| Ingrid Bergman - Swedish Film Collection |
Retail $39.95, Our: $29.99
Intermezzo (1936), A Woman's Face (1938), June Night (1940)
Kino has announced an April 19th street date for Ingrid Bergman - Swedish Film Collection. The three-disc set features three early Bergman films in her native Sweden.
It will retail for $39.95, but is available at ClassicFlix.com for only $29.99. Bonus features are not expected and titles will not be available as singles.
Today, Ingrid Bergman’s name is synonymous with Hollywood ’s golden age as a three-time Oscar winner and the star of such classics as Casablanca , Gaslight and Notorious. However, before she became a Hollywood legend, Bergman was the star of a series of Swedish films in the 1930s which are being rediscovered as a vital, if long-overlooked period in her singular career.
In Intermezzo, Ingrid Bergman plays Anita Hoffman, an aspiring classical pianist who falls in love with a famed – but married – concert violinist. Their passionate affair has deep and unanticipated consequences for them both, and for Anita, it also stirs a crisis of conscience. Intermezzo brought the actress to the attention of producer David O. Selznick, who remade it in Hollywood , again starring Bergman.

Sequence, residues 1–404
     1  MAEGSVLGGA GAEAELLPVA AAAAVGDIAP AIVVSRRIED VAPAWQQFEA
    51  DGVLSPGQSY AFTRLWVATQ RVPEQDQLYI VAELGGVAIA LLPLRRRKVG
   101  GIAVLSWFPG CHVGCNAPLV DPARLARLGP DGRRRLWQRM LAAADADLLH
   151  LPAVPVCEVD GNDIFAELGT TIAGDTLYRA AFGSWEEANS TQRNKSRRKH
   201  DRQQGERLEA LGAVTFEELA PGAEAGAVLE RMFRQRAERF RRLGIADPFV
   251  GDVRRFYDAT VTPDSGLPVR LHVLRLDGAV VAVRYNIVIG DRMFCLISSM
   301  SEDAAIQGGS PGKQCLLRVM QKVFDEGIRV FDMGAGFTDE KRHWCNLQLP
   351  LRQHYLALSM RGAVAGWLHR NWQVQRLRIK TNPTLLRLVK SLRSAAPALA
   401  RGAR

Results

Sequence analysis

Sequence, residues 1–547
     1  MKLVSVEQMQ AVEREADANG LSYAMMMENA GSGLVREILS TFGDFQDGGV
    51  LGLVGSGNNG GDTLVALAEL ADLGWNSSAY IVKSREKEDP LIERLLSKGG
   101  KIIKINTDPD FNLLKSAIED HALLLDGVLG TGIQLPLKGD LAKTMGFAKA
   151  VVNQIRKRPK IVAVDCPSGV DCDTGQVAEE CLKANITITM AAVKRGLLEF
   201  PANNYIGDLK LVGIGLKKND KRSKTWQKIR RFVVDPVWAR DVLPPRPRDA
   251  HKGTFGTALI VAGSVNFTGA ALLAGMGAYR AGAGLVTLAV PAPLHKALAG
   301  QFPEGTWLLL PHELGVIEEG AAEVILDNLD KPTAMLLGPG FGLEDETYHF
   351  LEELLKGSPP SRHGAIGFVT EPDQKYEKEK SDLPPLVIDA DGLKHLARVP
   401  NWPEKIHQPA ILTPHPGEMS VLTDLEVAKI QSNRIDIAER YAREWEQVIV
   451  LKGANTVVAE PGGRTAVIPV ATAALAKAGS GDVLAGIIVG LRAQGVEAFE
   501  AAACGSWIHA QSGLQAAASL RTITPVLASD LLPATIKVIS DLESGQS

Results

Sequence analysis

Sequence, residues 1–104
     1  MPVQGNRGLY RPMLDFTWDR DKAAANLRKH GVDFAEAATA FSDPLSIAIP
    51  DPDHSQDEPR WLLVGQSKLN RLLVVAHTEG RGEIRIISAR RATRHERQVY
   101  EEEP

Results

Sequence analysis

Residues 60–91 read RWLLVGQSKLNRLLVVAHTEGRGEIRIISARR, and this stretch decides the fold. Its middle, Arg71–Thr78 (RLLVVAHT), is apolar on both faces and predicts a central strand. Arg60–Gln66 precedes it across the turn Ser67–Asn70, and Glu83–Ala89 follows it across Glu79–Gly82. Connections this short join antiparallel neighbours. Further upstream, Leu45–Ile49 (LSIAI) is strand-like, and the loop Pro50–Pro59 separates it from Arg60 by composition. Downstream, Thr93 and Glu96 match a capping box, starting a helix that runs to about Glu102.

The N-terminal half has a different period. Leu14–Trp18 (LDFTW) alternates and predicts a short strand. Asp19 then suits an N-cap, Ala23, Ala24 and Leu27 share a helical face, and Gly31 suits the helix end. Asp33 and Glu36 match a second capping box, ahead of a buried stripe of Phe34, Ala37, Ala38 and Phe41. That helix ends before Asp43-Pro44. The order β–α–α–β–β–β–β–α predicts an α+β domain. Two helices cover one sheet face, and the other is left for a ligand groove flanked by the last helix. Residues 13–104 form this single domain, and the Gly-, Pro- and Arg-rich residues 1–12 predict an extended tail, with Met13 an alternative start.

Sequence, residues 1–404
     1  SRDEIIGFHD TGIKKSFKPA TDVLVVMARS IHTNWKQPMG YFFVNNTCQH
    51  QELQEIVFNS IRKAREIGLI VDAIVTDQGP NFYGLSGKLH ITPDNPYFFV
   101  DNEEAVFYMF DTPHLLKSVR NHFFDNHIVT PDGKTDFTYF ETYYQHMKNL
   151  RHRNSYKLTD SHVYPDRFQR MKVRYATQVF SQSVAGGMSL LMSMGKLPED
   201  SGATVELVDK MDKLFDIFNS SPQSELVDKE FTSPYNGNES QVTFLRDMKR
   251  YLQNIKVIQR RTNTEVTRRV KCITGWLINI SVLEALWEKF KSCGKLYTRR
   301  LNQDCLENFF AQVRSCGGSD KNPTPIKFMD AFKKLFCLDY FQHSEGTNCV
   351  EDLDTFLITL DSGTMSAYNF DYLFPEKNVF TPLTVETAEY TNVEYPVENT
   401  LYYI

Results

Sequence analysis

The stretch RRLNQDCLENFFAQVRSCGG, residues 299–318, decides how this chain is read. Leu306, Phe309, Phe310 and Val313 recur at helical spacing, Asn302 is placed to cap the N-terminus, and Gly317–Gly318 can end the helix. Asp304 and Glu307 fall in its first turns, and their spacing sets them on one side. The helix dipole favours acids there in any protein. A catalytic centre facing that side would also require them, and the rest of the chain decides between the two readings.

A Woman's Face (1938)
In one of the most challenging roles of her early career in Sweden, Bergman plays Anna Holm, whose bitterness over a facial disfigurement leads her to become a blackmailer. However, when one of her victims turns out to be married to a renowned plastic surgeon, Anna is given the opportunity to change her life. A Woman’s Face is a daring and frequently shocking psychological drama.
June Night (1940)
Her last film before moving to Hollywood , June Night features Bergman playing a small-town woman at the center of a sensational crime. When Kerstin Norback (Bergman) is shot and gravely wounded by her lover, the trial causes a public scandal, forcing her to move to Stockholm under an assumed name. There she befriends a group of women and attempts to rebuild her life. In June Night, Bergman gives a bravura performance, prompting one critic to praise that she “establishes herself as an actress belonging to the world elite.”